unsolved skyjacking in U.S. history, and in that wonderful, only-in-America way that the rest of the world never really understands, D. B. Cooper has become a folk hero.
What a wonderful idea for a novel! Elwood Reid has, among his many other virtues as a writer, the sense to recognize a great story when he finds one. Reid, who came to the U-M in the 1980s on a football scholarship and is best known around here for his first novel, If I Don't Six, a scary tell-all tale about the horrors of Big Ten and U-M football, has been working hard as a writer the last decade or more. But D.B., his new novel based on the D.B. Cooper story, may finally find him a larger audience.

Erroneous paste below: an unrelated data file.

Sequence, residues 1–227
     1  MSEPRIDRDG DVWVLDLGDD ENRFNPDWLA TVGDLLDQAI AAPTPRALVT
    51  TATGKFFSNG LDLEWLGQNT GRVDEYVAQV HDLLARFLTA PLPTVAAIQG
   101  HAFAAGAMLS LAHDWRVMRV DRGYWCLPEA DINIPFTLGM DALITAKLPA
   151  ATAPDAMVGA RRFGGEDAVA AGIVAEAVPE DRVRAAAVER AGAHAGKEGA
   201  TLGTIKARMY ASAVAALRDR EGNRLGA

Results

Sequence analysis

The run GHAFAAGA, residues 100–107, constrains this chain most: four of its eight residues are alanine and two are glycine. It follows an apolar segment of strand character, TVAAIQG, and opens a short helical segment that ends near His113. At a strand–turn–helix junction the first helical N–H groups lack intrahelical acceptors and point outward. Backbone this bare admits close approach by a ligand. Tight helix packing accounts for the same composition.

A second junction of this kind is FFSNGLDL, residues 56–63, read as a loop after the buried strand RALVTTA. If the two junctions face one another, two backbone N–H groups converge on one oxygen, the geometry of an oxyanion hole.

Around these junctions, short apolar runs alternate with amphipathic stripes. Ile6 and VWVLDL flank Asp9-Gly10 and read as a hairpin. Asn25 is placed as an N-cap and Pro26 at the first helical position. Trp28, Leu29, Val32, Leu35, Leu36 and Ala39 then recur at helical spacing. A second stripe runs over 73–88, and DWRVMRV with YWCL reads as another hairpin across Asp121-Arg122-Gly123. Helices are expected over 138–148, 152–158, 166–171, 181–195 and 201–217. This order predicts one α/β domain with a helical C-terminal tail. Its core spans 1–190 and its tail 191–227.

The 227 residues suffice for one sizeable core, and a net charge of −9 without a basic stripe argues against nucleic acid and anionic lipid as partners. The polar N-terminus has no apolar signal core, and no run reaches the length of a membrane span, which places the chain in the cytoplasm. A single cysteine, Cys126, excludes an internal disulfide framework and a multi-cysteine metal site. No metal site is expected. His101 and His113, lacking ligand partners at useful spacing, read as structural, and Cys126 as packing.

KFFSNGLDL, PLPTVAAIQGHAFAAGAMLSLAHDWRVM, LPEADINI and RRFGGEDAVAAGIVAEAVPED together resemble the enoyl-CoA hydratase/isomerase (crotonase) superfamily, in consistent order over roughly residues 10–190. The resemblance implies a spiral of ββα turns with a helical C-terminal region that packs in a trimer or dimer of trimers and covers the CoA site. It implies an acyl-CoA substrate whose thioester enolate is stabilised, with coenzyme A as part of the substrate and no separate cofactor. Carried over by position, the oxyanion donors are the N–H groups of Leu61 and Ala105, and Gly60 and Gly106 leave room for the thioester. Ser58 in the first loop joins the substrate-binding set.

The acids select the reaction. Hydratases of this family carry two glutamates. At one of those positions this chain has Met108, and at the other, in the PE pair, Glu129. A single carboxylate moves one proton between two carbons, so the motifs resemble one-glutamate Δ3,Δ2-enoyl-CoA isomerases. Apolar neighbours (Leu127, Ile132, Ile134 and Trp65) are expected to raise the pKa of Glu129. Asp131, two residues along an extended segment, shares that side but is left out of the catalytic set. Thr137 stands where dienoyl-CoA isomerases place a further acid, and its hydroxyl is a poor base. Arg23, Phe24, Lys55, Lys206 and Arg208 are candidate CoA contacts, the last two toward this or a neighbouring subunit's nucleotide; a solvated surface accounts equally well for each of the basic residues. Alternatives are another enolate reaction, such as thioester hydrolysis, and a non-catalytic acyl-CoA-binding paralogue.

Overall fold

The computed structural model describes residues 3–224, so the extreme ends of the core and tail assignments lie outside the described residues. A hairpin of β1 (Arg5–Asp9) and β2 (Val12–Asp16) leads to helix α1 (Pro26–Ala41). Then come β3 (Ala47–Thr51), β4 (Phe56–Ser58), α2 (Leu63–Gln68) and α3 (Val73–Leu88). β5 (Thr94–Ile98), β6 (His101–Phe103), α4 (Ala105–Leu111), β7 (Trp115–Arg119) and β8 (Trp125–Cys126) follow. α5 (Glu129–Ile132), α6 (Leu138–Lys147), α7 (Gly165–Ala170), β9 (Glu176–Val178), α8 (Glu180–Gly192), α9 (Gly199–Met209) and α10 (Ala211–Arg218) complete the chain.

As Reid presents it, D. B. Cooper's life before the hijacking seemed caught in several dead ends. After the jump he takes most of his loot to Mexico, where his tawdry leisure makes him surprisingly reflective. Of course, Reid is a realist, and there is nothing sappy or easy about the character Cooper becomes. He is still hard edged, with a taste for the margins. In the second plot of D. B., a retired FBI agent who had been a part of the original investigation stumbles through his retirement, still obsessed by one of his cases and still connected to the Cooper skyjacking. His life seems to be spiraling downward, until the appropriately understated point where the two plots meet.